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A new World Wildlife Fund report reveals for the first time the countries whose economies would be worst affected over the next 30 years if the world doesn’t act urgently to address the global environmental crisis.

The study, Global Futures, which calculated the economic cost of nature’s decline across 140 countries ranging from India to Brazil, shows that if the world carries on with “business as usual,” the United States would see the largest losses of annual GDP in absolute terms, with $83 billion wiped off its economy each year by 2050 – an amount equivalent to the entire annual GDP of Guatemala.

“This groundbreaking report shows that the U.S. will suffer the world’s biggest economic impact due to nature loss,” said Rebecca Shaw, chief scientist, World Wildlife Fund. “We cannot envision a just and stable country, and a prosperous economy, if forests disappear, pollinators vanish, biodiversity collapses and rivers and the ocean are depleted. Continuing with business as usual could lead to disastrous outcomes. We need governments and corporations to halt nature loss and tackle this planetary emergency.”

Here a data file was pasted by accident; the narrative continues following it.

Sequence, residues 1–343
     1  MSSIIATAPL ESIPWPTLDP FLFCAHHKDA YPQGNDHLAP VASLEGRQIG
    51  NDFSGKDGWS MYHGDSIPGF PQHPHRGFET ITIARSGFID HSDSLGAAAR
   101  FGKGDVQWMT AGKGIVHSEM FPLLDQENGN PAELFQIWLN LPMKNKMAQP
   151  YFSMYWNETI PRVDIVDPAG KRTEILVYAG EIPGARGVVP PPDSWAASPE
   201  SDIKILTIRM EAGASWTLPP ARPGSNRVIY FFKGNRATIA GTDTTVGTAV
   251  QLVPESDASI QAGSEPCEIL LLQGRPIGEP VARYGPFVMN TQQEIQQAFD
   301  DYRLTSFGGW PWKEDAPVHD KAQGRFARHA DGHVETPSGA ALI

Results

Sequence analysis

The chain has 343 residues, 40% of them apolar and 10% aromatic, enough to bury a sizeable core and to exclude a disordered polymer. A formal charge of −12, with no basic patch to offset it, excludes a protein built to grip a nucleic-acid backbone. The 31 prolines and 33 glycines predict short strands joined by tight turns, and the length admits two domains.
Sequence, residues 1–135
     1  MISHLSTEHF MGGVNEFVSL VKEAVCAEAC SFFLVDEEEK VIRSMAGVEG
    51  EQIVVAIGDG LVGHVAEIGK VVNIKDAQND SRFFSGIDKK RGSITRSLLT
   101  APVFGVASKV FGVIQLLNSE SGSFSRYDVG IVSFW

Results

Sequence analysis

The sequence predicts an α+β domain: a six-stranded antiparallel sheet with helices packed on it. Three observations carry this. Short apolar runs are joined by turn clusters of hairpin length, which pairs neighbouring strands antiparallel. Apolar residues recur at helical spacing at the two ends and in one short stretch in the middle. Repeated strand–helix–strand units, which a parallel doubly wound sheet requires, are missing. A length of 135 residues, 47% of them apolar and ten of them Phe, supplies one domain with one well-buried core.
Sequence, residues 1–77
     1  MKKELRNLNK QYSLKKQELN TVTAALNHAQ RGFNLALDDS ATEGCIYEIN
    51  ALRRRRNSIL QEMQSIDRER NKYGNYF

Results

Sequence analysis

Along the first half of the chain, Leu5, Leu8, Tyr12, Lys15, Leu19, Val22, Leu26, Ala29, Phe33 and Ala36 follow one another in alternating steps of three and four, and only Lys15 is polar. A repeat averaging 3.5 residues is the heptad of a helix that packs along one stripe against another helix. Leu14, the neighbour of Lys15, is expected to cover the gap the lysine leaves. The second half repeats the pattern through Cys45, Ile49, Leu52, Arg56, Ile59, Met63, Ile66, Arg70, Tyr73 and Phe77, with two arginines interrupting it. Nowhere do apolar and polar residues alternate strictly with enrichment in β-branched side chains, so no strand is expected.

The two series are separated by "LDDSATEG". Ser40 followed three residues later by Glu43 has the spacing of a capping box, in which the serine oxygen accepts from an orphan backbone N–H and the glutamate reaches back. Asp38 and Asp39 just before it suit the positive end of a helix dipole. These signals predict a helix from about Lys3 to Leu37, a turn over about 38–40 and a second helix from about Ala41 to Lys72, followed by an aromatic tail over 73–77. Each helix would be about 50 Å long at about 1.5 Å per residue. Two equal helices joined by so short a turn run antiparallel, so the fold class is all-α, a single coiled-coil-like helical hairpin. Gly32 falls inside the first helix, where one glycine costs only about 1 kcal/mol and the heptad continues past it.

The Global Futures study used new economic and environmental modeling to assess what the macroeconomic impact would be if the world pursued “business as usual,” including widespread and land-use change, continued increase in emissions of greenhouse gases, and further loss of natural habitats. It found this status quo approach would cost the world at least $479 billion a year, adding up to $9.87 trillion by 2050 – roughly equivalent to the combined economies of the UK, France, India and Brazil.

In contrast, under a scenario in which land-use is carefully managed to avoid further loss of areas important for biodiversity and ecosystem services, which the study terms the ‘Global Conservation’ scenario, economic outcomes would be dramatically better, with global GDP rising by $490 billion per year above the business as usual calculation.